Senior Partner & Managing Director
BCG’s teams seek insights to address each client's unique needs. At the same time, recognizing patterns across our work is the key to crafting industry-shaping ideas. Our most accomplished thought leaders are nominated as BCG Fellows and are supported over a multiyear period to develop and disseminate an innovative idea that they believe will create value for business leaders.
Take a deeper look into the industry- or function-specific research in which our Fellows are engaged.
Forecasting and understanding trends—and how they will shape consumer behavior—is necessary for consumer goods companies to stay ahead of the competition. Developing economies have begun to affect every aspect of the consumer industry, from production to consumer preferences. Companies must shift their focus to prepare for these emerging global changes. Our Fellows are investigating areas such as the rising affluence among Chinese and Indian consumers—and how that shift will put pressure on the supply of consumer products, commodities, energy, and water.
Today's activist shareholders are challenging boards to revisit their portfolio strategies in order to identify growth and maximize shareholder value. As the relationship among industry landscape, corporate strategy, and capital markets intensifies, developing the most effective strategic approach will require companies to gain a holistic view of changing business conditions and understand their sources of valuation advantage.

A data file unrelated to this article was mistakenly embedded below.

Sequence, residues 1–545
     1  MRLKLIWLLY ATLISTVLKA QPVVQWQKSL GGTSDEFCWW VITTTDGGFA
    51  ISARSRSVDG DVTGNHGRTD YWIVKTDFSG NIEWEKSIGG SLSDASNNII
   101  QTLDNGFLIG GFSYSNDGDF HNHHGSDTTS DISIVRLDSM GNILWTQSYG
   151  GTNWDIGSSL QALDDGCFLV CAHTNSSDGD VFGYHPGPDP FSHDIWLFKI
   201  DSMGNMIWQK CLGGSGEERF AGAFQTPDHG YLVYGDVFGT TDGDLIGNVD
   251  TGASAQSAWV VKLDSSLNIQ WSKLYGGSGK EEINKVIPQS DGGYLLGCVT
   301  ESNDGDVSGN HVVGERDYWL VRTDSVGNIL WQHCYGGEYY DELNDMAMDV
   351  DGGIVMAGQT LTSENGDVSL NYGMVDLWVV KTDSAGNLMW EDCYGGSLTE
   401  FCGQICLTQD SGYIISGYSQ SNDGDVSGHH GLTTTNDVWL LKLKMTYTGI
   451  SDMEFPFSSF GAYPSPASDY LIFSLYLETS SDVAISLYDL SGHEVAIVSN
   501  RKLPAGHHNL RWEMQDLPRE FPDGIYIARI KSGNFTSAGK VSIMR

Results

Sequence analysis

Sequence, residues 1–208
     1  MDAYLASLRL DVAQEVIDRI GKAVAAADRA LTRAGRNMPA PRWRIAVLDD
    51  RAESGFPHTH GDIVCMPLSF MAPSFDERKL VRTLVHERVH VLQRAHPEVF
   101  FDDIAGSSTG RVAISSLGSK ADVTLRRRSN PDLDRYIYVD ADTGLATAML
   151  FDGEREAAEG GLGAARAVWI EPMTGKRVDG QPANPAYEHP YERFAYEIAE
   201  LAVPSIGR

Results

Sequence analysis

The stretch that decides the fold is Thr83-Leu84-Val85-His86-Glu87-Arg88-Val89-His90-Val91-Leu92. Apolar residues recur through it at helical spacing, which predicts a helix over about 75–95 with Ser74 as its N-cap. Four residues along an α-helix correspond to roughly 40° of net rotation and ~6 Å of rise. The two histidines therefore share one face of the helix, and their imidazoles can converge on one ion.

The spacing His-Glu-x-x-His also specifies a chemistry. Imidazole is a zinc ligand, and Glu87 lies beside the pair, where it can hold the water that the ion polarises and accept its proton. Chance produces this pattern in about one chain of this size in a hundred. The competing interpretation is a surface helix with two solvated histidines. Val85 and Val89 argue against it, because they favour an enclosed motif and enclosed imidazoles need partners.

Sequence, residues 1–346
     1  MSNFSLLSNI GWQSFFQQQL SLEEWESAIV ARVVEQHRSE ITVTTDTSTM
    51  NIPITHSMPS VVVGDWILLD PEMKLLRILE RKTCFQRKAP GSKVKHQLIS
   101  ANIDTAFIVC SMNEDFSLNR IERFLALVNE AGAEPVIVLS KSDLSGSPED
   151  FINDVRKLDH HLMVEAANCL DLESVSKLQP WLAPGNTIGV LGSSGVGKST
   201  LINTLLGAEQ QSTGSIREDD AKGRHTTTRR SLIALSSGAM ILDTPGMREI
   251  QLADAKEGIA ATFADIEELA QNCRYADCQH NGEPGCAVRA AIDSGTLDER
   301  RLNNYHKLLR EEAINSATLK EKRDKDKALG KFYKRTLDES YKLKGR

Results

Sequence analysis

Our Fellows are investigating patterns in value creation and the latest innovations in portfolio management.
Budgetary decisions are the toughest challenges that stakeholders in local education face. But not all spending is created equal. How a school system spends its budget is even more important than the amount it actually spends. By taking a value-based approach to assessing and selecting their investments, educators can control spending and invest in digital learning—while improving student outcomes.
Companies that fail to evolve along with the latest energy technologies, regulations, and resources will quickly become irrelevant. All segments of the value chain within the energy and environment industry are affected by these changing realities, increasing the need for experience in pricing, partnering, and risk management. Improving operational efficiency, reducing costs, and evaluating new investments are necessary for success, not just in today's world but also in the future landscape as well.
Our Fellows are investigating areas such as business model patterns in commodities, including volatility in commodity sourcing and pricing and how to turn that volatility into a competitive advantage. They are also looking into the changing dynamics of global energy markets—greater connectivity between regions and across energy types—and the implications for energy players, investors, and regulators.